In the case of Bitcoin, this comes in the form of a cryptographic “proof-of-work” puzzle requiring the generated hash value to meet additional conditions such as a certain minimum number of leading zeros, i.e., effectively a “trial and error” search for the “right” hash value. At the time of writing, the number of leading zeros, and thus the so-called “(target) difficulty level”, of the Bitcoin block mined last amounted to 19 thereby limiting the legitimate hash value range drastically and making this a truly challenging proof-of-work:
However, with a block’s timestamp, transaction data and previous hash value predetermined, this leaves the question as to what input to the SHA-256 algorithm to change to obtain different hash values, one of which might ultimately satisfy the proof-of-work difficulty level. That’s where the “nonce” value comes in, the only block value which isn’t fixed from the outset: It can be changed at will until a legitimate hash value output meeting the difficulty level such as 19 leading zeros has been generated.
⚡️ This is also how the blockchain network-wide brute-force, extremely energy-demanding compute competition for the generation of “right” nonces, or so-called “Golden Nonces”, and thus legitimate hash values, comes about - it is not due to the complexity of this second hash computation itself. Note, though, that a legitimate hash value might be hard to detect, but that it is easy to verify against the target difficulty level. ⚡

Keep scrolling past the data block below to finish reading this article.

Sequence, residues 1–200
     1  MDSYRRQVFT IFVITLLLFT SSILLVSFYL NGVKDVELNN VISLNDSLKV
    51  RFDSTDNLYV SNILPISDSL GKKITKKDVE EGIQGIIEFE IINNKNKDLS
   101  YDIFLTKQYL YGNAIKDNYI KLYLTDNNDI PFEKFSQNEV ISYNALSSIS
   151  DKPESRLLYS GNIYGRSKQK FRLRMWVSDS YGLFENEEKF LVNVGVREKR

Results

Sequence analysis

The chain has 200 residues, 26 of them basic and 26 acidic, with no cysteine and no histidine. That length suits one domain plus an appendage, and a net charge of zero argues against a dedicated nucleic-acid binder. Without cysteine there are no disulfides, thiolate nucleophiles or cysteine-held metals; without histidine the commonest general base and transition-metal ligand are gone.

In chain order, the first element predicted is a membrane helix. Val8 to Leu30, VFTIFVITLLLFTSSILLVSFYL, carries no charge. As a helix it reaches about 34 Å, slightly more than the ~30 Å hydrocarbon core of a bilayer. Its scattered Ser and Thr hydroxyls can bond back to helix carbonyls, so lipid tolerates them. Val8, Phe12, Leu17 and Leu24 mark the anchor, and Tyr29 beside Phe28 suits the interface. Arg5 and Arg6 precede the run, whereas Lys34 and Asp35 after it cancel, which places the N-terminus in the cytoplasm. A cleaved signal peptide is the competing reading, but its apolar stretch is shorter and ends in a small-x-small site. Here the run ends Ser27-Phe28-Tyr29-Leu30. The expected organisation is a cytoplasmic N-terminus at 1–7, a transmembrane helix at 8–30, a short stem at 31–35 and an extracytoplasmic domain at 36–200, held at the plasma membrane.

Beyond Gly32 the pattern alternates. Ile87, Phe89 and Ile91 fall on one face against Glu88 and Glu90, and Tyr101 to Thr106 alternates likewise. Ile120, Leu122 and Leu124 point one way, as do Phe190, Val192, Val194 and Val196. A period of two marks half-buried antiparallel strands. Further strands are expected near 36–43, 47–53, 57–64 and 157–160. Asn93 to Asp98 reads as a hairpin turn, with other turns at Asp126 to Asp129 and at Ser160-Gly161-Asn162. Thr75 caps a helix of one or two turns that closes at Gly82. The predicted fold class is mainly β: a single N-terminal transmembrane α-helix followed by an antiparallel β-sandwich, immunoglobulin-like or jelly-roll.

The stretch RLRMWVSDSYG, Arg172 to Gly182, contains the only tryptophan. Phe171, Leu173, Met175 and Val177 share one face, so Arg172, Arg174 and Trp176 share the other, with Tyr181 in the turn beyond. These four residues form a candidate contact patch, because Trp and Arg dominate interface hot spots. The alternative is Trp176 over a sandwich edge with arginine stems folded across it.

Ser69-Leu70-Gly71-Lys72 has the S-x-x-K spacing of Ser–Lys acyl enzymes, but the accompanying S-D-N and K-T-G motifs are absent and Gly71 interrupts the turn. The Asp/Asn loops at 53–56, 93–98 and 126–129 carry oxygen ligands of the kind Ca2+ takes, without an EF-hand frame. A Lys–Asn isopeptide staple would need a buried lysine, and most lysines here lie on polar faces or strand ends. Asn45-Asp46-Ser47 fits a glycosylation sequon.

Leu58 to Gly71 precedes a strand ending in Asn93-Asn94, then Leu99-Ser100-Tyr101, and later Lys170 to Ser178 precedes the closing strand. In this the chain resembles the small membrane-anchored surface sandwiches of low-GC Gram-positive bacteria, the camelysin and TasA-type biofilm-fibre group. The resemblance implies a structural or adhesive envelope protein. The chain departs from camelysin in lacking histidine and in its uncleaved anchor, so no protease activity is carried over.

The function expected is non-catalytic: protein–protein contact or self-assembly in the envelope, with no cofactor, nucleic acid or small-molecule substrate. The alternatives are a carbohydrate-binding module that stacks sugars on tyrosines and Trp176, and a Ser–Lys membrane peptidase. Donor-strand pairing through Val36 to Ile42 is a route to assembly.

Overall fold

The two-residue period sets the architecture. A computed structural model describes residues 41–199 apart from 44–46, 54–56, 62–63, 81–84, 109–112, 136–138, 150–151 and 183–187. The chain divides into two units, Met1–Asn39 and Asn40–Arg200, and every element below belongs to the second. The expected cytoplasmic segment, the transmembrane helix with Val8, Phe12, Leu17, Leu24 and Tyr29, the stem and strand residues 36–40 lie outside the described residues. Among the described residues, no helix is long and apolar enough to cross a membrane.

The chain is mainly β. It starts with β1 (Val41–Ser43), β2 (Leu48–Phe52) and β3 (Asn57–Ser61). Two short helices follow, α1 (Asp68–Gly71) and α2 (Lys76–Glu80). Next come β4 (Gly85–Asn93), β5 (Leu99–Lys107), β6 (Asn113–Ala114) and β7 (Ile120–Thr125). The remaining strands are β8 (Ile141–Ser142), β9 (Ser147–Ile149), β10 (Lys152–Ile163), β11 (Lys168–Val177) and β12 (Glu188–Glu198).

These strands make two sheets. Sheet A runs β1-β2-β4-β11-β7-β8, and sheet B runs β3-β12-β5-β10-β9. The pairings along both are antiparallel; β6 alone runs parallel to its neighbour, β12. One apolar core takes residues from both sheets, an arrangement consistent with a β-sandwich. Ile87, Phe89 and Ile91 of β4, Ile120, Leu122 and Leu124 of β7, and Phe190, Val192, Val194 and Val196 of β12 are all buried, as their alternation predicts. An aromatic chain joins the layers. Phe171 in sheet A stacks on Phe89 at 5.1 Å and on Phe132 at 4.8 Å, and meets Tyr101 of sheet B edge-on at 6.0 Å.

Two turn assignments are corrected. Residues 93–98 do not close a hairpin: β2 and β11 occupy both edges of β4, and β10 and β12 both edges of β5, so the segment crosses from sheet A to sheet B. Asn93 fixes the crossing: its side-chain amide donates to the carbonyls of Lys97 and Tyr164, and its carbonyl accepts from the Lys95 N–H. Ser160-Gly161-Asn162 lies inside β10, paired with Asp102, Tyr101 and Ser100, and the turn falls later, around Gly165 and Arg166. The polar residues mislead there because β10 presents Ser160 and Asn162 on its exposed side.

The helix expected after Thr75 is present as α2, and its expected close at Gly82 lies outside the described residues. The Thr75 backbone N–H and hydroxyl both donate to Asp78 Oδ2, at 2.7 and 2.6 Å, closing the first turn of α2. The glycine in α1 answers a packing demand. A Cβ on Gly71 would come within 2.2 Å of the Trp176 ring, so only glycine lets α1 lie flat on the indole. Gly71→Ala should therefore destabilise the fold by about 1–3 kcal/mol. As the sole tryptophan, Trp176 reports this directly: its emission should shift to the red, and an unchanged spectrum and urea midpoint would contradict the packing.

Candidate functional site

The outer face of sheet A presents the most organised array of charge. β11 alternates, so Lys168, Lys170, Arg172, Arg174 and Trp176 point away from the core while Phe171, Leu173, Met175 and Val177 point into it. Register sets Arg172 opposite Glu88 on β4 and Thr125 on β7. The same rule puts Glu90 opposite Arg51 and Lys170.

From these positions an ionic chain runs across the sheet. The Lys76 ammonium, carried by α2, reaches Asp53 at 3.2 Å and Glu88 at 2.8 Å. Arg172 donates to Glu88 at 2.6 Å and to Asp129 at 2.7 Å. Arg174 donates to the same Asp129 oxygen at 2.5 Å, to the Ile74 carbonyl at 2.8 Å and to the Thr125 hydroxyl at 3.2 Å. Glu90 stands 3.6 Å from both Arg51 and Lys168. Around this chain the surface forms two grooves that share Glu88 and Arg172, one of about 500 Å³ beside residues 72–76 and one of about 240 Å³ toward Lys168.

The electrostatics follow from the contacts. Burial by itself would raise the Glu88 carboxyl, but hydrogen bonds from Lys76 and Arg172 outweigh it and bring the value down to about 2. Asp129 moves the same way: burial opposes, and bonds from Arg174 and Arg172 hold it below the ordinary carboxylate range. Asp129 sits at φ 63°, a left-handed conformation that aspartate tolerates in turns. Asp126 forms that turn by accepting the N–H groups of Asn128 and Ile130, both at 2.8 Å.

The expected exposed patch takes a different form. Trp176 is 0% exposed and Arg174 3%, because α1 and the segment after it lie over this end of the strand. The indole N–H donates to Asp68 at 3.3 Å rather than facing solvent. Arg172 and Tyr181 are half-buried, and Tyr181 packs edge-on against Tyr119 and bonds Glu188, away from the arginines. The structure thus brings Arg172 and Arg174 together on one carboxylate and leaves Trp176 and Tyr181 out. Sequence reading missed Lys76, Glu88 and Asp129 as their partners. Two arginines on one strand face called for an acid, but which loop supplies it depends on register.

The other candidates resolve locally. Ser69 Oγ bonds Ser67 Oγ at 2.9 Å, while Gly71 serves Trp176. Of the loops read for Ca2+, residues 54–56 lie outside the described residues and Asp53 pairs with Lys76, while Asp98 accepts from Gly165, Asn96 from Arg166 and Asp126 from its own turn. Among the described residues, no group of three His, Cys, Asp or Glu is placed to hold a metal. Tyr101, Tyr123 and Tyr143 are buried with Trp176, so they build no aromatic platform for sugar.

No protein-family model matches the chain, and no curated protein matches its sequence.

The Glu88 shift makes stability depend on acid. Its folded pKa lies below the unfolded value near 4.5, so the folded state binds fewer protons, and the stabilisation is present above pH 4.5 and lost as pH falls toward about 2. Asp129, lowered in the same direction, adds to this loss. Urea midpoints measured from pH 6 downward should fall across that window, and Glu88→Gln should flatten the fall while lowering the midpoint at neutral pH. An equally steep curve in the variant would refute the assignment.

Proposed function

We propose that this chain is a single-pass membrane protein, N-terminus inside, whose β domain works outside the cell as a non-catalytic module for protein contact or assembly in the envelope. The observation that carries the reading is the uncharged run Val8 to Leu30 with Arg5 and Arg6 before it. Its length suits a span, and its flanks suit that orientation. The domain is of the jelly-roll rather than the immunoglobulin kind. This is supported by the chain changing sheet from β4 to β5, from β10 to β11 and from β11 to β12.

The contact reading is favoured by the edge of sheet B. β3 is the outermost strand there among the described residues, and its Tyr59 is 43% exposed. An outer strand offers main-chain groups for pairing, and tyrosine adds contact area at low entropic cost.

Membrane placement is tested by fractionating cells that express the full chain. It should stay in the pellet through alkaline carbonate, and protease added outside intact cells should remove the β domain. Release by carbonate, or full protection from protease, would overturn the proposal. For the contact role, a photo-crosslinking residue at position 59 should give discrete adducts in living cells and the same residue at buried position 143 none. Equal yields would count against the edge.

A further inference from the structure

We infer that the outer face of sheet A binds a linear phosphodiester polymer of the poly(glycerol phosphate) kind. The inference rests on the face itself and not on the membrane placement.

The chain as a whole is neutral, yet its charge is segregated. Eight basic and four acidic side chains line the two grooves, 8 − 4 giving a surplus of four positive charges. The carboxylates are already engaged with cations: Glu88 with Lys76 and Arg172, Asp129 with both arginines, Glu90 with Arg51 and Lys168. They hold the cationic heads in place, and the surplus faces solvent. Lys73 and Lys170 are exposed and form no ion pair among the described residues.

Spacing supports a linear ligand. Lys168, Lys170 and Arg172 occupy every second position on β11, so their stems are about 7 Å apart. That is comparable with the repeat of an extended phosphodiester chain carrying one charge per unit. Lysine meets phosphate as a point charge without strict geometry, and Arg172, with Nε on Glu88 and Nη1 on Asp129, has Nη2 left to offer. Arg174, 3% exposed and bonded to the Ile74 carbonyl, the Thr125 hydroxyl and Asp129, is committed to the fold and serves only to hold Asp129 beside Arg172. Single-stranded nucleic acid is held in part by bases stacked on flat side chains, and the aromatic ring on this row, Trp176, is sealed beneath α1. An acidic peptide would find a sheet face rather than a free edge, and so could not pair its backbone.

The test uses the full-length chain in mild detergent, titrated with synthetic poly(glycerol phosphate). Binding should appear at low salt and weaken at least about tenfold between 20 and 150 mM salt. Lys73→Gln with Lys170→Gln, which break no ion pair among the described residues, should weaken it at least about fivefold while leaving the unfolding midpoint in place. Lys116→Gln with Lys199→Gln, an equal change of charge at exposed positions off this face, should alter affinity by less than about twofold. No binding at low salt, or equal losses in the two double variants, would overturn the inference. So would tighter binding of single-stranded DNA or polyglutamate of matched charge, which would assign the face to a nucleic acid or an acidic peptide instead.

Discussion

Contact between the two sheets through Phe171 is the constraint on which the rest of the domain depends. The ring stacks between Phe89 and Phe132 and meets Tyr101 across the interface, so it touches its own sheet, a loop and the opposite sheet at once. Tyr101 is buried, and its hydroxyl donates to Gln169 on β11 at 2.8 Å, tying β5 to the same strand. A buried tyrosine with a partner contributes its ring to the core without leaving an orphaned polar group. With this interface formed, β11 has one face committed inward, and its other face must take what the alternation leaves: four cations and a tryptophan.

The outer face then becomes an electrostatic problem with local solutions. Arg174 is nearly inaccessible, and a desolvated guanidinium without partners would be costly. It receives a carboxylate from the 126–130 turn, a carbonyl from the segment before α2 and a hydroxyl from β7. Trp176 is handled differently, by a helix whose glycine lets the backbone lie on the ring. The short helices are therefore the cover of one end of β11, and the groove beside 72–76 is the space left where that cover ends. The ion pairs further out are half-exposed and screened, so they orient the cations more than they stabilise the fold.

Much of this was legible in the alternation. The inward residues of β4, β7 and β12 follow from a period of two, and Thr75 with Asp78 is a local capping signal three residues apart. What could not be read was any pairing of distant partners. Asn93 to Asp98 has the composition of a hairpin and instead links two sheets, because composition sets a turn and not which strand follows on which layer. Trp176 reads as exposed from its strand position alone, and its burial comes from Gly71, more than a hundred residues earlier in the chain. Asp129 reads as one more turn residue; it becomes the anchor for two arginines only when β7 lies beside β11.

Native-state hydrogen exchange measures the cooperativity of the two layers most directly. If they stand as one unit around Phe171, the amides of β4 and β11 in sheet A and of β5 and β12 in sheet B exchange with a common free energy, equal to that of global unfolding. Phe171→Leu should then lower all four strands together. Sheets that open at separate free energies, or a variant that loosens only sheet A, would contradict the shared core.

This proof-of-work is at the heart of the consensus algorithms used by blockchain protocols such as Bitcoin or Ethereum, with Ethereum, of course, being in the transition to another, less energy-consuming and more scalable “consensus layer”, proof-of-stake.
Ethereum roadmap by the Ethereum Foundation, “The great renaming: what happened to Eth2?”, Jan. 2022
But, why specifically do we need to bother with this second hash computation at all? Trustlessness as practiced by blockchains such as Bitcoin, Ethereum and the like requires consensus algorithms to address the Byzantine Fault Tolerance problem . More specifically, firstly, the question as to how to decide on the next block to be added to the blockchain featuring distributed miners competing for crypto rewards is to be answered. Secondly, the consensus protocol is also needed to answer the question as to how to deal with temporary times of inconsistency across the blockchain network simply due to, for example, network latency and different hash rates by the miners.